Mortgage lending has seen big changes | TahoeDailyTribune.com

Mortgage lending has seen big changes

Don Kanare & Sabrina Belleci
Special to the Tribune
Don Kanare and Sabrina Belleci, ReMax Realty

The world of mortgage lending has changed dramatically in the post-recession era and that is quite evident with the way that property appraisals are handled these days.

Prior to the recession and the implosion of the banking industry, buyers could usually ask their lender to have a specific appraiser perform the appraisal of their property.

One of the primary reasons for handling matters in this way was so that buyers could be assured they would have a local appraiser who was familiar with their real estate market performing the analysis of the property they were trying to purchase.

However, there were some significant problems during the real estate boom, not the least of which was appraisers and lenders being in cahoots and artificially valuing properties higher than they were worth.

While this made it easy for transactions to sail through the underwriting process it contributed to the real estate bubble and eventually the collapse of prices across the country. Appraisers were simply pushing through reports at or above the contract purchase price even if the property had changed hands for a significantly lower value just a few months earlier.

There was a belief that the rising tide of real estate values would continue endlessly into the future and that there would be no harm caused by these inflated property appraisals.

In the post-recession world of real estate sales and mortgage financing, new regulations were put into place to prevent a recurrence of this phenomenon. As a result, lenders no longer have any input as to who will be performing the appraisal on a particular property.

In an effort to ensure that all appraisals are performed without any type of undue influence by lenders, buyers, sellers or agents there are new safeguards and procedures that must be followed as a part of the loan underwriting process.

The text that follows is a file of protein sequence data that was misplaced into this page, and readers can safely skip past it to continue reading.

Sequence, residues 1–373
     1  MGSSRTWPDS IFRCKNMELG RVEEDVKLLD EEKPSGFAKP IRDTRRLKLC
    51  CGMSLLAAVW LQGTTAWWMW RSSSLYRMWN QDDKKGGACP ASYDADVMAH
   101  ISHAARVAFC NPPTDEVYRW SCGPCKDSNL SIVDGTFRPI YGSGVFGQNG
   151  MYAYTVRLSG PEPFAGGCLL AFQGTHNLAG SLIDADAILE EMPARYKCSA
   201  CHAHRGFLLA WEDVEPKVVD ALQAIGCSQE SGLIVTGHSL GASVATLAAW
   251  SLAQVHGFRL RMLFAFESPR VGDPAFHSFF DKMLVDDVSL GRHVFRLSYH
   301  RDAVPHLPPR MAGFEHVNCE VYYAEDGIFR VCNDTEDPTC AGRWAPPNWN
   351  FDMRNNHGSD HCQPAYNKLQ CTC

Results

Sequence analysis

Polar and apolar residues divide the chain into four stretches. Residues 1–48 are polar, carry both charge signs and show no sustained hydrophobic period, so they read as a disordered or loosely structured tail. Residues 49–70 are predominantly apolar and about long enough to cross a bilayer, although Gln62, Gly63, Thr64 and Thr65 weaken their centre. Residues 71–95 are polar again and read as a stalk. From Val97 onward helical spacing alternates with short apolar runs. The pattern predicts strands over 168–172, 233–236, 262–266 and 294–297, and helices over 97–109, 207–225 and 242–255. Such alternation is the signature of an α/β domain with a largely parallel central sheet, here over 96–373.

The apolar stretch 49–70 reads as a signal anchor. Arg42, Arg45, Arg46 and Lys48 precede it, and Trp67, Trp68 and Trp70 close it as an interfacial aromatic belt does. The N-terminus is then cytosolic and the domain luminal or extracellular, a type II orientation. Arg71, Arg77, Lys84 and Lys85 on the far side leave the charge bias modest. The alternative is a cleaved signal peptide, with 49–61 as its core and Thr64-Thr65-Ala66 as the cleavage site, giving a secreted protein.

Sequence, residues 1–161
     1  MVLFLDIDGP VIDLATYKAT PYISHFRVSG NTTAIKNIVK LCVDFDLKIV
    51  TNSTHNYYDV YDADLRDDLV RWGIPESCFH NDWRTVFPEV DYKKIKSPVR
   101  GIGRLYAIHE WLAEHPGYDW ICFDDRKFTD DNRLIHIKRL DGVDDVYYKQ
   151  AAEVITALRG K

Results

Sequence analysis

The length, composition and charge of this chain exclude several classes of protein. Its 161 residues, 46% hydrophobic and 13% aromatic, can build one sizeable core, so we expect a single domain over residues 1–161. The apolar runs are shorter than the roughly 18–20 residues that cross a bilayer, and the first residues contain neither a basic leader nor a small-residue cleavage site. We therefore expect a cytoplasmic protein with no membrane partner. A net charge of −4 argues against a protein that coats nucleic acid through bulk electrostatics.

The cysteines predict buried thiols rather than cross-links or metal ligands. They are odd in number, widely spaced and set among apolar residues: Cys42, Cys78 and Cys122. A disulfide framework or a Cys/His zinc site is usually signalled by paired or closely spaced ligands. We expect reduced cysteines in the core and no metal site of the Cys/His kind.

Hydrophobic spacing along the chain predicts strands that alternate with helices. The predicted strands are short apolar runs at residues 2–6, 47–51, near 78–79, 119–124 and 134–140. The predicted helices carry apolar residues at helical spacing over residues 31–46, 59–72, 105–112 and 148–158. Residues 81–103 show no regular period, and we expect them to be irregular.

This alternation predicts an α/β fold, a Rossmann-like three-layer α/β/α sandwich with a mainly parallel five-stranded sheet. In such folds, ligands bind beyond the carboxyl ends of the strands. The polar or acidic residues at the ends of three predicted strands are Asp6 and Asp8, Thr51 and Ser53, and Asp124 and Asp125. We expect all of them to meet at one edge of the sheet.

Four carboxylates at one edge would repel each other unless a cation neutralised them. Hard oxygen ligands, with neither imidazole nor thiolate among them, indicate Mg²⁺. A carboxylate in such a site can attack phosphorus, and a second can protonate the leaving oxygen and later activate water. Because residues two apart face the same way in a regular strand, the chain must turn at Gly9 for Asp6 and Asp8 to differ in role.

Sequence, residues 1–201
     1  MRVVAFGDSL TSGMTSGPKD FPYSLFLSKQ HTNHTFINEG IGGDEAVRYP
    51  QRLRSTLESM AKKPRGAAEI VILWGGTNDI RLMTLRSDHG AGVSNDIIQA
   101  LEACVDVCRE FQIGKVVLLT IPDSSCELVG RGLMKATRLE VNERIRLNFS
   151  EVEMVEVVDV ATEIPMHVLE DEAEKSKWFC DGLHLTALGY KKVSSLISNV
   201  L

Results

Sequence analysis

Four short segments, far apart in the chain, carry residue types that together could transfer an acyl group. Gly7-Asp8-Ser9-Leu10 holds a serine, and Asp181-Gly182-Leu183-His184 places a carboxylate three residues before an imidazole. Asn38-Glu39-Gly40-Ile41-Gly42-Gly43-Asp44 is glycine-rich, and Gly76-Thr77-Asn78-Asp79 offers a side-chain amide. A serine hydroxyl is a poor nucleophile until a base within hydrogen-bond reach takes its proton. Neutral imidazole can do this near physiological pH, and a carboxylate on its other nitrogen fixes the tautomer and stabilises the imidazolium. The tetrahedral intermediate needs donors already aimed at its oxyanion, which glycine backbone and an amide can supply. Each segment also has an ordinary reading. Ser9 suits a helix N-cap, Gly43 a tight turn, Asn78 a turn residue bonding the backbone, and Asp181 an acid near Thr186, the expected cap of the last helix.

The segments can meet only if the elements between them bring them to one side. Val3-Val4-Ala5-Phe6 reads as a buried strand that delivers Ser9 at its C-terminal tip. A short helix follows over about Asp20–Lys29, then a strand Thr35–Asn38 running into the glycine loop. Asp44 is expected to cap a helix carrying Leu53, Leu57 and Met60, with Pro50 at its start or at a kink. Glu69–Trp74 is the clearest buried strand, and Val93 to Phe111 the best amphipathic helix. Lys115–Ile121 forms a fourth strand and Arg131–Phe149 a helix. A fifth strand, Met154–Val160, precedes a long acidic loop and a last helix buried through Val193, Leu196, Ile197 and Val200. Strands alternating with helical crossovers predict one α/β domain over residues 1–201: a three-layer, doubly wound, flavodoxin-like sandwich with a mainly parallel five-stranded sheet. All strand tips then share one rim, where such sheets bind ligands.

Unfortunately, Incline Village and Crystal Bay are lumped in with the rest of Washoe County plus the Truckee/Tahoe area. As a result, it is possible that the appraiser who is assigned to a property in our community will be from out of the area — as far as Sacramento.

While we still have a small cadre of appraisers who live and work on the Nevada side of North Lake Tahoe, there is no guarantee that one of these highly qualified individuals will be assigned to appraise the property you are trying to purchase or sell.

About the only time that someone can select an appraiser to appraise a property is if the property is not involved in a sale or transfer to another person or entity.

For example, you are in the process of writing a new will and you want to establish the value of your assets. So, you and your heirs agree on whom to hire as an appraiser and you simply contact that person directly. If you and your heirs disagree over the appraisal report that was provided you can always hire another appraiser and get a second or even a third opinion.

Buyers who are purchasing a property all-cash will sometimes waive the appraisal if they believe that they are paying at or below fair market price. Sellers love to see all-cash offers with the appraisal waived because they know it is one less contingency that will need to be satisfied.

However, anyone getting a loan will need to go through the appraisal process with fingers crossed and hope that they get a local appraiser who will be able to perform a fair and accurate analysis of the property.

Don Kanare is the founder and Sabrina Belleci is the owner and broker of RE/MAX North Lake in Incline Village. You can follow their blog at http://www.InsideIncline.com.